Don’t sign petitions
Dear Editor:I had to laugh when reading Scott McDonald’s letter (Aspen Times, Jan. 5) attacking me as the “Sheriff of Nottingham,” the “king of equivocation and largesse” along with the town of Aspen as “Sin City,” “corrupt,” “sycophantic,” “sectarian” and “pernicious.”One would almost think Mr. McDonald hated Aspen along with those who dare to disagree with him. Accompanying these ad hominem attacks on me, Rachel Richards, Frank Peters and others is a demand that the anti-Burlingame petitions be considered on their merits as “good government” aimed at “more transparency.”I wish Mr. McDonald would leave the Aspen pulp histrionics aside. Leave the colorful fiction to Patrick Hasburgh – he’s better at it.The personal attacks are a transparent attempt to obfuscate the issues surrounding Burlingame. The petitions aim to require a vote on every affordable housing project over 10 units and require millions of dollars of research studying any and all possible negative impacts. In addition, the petitions would require the city to renounce its contract with the Zolines and place a multimillion-dollar breach of contract judgment on the shoulders of the taxpayers.Mr. McDonald, Ms. Kronberg et al. might have more credibility if they even once acknowledged the many positive impacts of affordable housing, the sense of community, the tens of millions of miles in commuting reduced each year, the support for local-serving businesses that the program makes possible. Does the sun ever shine on these people or what?In 10 years as a county commissioner, I have yet to see Ms. Kronberg or Mr. McDonald come to a meeting and complain about the impacts of base villages, giant hotels, monster homes or any development. Apparently, Aspen can be home for anyone who can make a speculative buck, but the Lord help the hapless worker bee who dares seek the dignity of a small home near town.The reality is the petitions he supports are aimed at dishonoring seven years of very open, transparent elections, meetings and reviews of a badly needed project. Please do not sign those petitions and force Burlingame to yet another election.Mick IrelandAspenMember of HOPE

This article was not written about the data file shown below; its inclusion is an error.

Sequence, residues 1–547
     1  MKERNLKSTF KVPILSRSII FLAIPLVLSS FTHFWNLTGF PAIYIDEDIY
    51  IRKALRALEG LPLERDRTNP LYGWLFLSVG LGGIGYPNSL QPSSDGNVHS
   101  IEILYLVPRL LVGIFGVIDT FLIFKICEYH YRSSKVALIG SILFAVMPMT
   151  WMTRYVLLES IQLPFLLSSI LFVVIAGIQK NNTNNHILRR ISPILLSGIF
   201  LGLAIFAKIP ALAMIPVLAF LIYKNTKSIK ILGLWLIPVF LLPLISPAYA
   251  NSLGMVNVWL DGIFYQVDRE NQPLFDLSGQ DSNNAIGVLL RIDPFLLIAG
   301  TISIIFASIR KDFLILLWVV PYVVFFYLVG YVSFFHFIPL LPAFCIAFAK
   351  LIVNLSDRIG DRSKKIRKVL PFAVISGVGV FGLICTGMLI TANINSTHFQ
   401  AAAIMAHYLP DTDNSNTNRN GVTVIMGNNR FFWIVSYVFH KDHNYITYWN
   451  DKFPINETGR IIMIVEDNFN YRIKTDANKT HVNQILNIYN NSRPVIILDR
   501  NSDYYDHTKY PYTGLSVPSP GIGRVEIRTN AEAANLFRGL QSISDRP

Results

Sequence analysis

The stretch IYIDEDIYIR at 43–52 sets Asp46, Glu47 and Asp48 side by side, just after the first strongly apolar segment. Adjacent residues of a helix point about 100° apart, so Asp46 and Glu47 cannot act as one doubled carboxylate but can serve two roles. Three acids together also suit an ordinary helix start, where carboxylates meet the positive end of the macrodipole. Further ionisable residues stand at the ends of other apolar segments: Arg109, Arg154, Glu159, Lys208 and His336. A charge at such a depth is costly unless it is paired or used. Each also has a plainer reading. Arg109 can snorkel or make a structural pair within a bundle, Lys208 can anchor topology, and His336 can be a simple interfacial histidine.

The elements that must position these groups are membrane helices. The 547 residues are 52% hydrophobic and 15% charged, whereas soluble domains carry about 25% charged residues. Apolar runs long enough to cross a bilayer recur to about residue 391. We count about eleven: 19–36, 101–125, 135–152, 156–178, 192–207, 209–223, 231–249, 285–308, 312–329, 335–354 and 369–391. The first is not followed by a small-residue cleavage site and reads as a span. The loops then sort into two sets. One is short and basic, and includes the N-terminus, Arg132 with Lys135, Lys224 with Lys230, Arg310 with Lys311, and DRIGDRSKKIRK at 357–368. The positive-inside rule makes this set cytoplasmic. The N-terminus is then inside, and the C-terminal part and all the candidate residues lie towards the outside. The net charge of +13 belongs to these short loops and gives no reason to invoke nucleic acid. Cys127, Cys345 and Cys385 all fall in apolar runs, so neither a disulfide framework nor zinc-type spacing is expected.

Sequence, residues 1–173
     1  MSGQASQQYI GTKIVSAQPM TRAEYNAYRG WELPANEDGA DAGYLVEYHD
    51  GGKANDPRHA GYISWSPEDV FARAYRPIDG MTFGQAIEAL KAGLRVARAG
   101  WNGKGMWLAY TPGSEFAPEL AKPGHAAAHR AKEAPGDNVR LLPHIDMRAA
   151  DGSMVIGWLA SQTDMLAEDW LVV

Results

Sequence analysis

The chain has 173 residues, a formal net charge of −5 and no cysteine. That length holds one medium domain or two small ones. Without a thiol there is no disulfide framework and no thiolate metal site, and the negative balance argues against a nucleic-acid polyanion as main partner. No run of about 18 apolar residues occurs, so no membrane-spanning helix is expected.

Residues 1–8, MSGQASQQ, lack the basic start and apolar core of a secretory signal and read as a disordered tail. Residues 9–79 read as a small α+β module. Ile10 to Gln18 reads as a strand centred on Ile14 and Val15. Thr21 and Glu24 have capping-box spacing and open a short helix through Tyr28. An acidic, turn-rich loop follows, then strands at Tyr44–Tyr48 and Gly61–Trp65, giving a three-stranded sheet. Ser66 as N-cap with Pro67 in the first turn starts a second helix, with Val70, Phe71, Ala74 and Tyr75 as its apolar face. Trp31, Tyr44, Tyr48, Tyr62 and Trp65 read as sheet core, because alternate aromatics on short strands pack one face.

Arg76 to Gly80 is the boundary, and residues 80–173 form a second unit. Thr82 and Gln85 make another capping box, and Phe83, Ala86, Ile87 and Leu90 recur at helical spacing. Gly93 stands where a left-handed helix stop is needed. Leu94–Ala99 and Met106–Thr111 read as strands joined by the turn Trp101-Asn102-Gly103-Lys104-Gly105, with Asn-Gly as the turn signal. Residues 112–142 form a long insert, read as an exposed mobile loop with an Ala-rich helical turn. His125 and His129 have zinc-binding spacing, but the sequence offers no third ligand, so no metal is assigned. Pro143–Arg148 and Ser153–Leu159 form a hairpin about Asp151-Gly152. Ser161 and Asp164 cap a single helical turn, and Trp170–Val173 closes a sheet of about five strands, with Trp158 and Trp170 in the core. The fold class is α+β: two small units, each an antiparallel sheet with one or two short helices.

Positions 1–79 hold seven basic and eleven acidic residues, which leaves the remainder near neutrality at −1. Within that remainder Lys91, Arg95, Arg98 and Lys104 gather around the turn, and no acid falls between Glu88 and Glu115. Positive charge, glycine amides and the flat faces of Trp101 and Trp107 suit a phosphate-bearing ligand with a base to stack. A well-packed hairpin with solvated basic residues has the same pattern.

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At the center of allegations of a $2 billion tax fraud scheme, the highest amount the federal government has accused against an American, is a businessman who lives in Houston and Aspen.